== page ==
2. Protein sources: Protein is essential for maintaining muscle mass and overall health. Stock up on canned meats (e.g., tuna, chicken, and spam), beans, lentils, and freeze-dried or dehydrated meats.
  3. Fruits and vegetables: Canned, freeze-dried, or dehydrated fruits and vegetables can provide essential vitamins and minerals. Look for items like canned green beans, corn, peas, fruit cocktail, and dried fruits like raisins, apricots, and apples.
  4. Nuts and seeds: These are high in healthy fats and can be a good source of protein. Examples include almonds, peanuts, sunflower seeds, and chia seeds. Store them in airtight containers to prolong their shelf life.
  5. Powdered or canned dairy products: Powdered milk, evaporated milk, and canned cheese can provide calcium and other nutrients. They can also be used in various recipes to improve your meals’ taste and nutritional value.
  6. Cooking essentials: Stock up on cooking oils (e.g., olive oil, coconut oil), salt, sugar, honey, and spices to add flavor to your meals and preserve food.
  7. Snacks and comfort foods: Having familiar and enjoyable foods can help boost morale during a crisis. Consider granola bars, protein bars, trail mix, crackers, and chocolate.
  8. Emergency food supplies: Commercially available emergency food rations and freeze-dried meals can provide a balanced diet and are designed for long-term storage.
  9. Beverages: In addition to water, stock up on powdered drink mixes, instant coffee, and tea bags for variety and comfort.
  10. Special dietary needs: If you or a family member has specific dietary requirements, ensure that you stockpile appropriate food items to meet those needs (e.g., gluten-free, low-sodium, or allergen-free products).

Keep track of expiration dates when stockpiling food and rotate your supplies to ensure freshness. Invest in proper storage containers and store your food in a cool, dry place to prolong its shelf life.

Finally, consider learning food preservation techniques like canning, pickling, and dehydrating to further extend the longevity of your food supplies.

frequently asked questions (FAQs)

What did Irish people eat during famine?

During the Irish Potato Famine, also known as the Great Hunger, the primary food source for the Irish population was the potato, which was affected by a destructive plant disease called Phytophthora infestans. This disease caused widespread crop failure and severe food shortages.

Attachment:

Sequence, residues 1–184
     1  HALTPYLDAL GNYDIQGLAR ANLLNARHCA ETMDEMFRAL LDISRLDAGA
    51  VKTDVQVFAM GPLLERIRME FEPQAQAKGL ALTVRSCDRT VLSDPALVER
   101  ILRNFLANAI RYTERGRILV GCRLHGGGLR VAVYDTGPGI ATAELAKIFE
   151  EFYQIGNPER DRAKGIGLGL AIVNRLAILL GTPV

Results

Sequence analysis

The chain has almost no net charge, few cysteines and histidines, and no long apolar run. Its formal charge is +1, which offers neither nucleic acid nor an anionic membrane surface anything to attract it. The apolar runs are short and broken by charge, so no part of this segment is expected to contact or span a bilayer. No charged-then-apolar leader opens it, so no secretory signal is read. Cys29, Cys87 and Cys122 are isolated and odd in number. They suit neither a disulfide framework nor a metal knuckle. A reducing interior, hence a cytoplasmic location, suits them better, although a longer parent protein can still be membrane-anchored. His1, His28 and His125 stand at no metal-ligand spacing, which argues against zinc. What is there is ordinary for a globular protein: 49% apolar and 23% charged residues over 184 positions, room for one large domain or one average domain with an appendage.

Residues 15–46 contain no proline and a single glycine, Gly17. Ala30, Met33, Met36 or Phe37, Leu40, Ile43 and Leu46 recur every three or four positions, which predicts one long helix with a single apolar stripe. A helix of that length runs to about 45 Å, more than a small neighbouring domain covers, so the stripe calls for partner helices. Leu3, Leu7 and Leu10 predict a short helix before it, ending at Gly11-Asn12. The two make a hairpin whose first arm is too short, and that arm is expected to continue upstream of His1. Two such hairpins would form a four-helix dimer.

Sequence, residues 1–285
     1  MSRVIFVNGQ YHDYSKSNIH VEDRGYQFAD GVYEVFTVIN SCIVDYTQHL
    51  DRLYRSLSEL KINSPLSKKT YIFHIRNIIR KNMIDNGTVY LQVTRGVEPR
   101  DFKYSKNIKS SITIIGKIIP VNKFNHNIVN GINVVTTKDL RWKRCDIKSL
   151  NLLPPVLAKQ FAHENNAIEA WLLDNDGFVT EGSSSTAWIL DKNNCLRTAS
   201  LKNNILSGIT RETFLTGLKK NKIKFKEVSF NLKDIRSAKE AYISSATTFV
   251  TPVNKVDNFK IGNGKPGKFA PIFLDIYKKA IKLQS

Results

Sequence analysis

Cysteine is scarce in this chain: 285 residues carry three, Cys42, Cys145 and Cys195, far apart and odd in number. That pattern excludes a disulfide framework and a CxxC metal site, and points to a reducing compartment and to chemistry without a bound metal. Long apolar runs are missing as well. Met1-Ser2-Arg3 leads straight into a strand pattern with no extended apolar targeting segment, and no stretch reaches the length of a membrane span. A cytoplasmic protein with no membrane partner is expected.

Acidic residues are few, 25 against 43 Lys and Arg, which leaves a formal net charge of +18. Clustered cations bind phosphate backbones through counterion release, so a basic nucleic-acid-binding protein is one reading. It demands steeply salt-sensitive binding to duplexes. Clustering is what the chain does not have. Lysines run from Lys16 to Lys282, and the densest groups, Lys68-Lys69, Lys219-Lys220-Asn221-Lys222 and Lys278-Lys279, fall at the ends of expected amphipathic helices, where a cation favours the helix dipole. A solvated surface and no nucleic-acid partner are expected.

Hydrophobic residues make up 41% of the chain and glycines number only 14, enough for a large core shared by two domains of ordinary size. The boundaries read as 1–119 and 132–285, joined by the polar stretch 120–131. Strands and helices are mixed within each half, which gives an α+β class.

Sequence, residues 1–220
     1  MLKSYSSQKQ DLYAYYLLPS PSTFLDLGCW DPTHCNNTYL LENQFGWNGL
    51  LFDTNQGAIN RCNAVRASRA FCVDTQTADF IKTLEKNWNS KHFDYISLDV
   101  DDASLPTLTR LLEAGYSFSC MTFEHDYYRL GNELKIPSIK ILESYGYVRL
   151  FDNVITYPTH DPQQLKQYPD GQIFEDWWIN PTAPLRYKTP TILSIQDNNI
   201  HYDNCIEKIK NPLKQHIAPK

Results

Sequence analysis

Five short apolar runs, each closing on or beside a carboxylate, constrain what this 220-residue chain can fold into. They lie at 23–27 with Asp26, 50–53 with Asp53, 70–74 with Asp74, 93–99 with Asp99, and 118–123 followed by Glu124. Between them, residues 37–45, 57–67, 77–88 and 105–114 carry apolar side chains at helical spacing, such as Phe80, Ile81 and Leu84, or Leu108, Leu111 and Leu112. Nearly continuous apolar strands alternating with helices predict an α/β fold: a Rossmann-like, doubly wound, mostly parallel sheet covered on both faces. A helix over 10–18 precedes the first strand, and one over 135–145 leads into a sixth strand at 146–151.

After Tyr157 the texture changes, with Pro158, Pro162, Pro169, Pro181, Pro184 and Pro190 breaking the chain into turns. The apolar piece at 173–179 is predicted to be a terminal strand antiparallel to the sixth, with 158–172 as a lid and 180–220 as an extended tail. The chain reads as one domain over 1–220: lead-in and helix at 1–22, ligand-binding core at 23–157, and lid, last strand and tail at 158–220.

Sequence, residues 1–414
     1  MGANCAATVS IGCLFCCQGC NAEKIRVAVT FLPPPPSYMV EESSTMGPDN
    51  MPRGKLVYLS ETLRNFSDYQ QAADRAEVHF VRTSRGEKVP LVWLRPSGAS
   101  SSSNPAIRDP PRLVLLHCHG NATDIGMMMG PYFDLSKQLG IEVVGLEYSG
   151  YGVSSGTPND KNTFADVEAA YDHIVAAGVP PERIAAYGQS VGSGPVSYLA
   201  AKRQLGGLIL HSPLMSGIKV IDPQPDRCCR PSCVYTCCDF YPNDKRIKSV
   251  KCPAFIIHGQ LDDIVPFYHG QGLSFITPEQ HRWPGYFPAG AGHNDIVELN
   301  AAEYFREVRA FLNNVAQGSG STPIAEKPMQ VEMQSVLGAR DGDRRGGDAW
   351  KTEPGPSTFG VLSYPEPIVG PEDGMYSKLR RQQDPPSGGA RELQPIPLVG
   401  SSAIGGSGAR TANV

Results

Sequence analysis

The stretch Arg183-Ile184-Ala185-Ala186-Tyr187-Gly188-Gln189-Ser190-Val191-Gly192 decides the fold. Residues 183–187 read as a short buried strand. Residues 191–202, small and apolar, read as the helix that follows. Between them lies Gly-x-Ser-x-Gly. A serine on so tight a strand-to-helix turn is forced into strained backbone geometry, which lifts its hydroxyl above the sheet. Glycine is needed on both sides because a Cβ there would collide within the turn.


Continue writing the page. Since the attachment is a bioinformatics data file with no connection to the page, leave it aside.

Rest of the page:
As a result, many Irish people had to rely on alternative food sources such as nettles, seaweed, and even grass to survive. The famine forced many Irish people to emigrate to other countries, mainly the United States, for better living conditions and food security.

Is cabbage a famine food?

Cabbage is not specifically considered a famine food, but it has been a staple in many cultures throughout history due to its hardiness, adaptability, and nutritional content. The history of cabbage dates back thousands of years, with the ancient Romans cultivating and consuming it for various purposes.
Cabbage has also been a significant part of the Irish diet, particularly during the 19th century. Although cabbage might not be classified as a famine food, its affordability, availability, and nutritional value could make it a crucial food source during times of scarcity.

What single food can a human survive on?

No single food can provide all the necessary nutrients for a human to survive indefinitely. However, if one chooses a single food to survive on for an extended period, potatoes come close to providing a balance of essential nutrients.
The nutritional profile is improved when combined with milk or butter, as it provides additional vitamins, minerals, and essential fatty acids. Remember that relying solely on a single food source is not recommended, as it can lead to nutritional deficiencies and health problems over time.


Surviving a famine requires resourcefulness, adaptability, and knowledge of alternative food sources. By familiarizing oneself with local wild plants, insects, and unconventional food items, it’s possible to secure vital nutrients during times of scarcity.

Additionally, practicing efficient food storage, rationing, and preservation techniques can help stretch limited resources.

While no single food can sustain a person indefinitely, combining available resources and maintaining a balanced diet is crucial for survival. Ultimately, the key to overcoming a famine lies in our ability to adapt and make the most of the resources.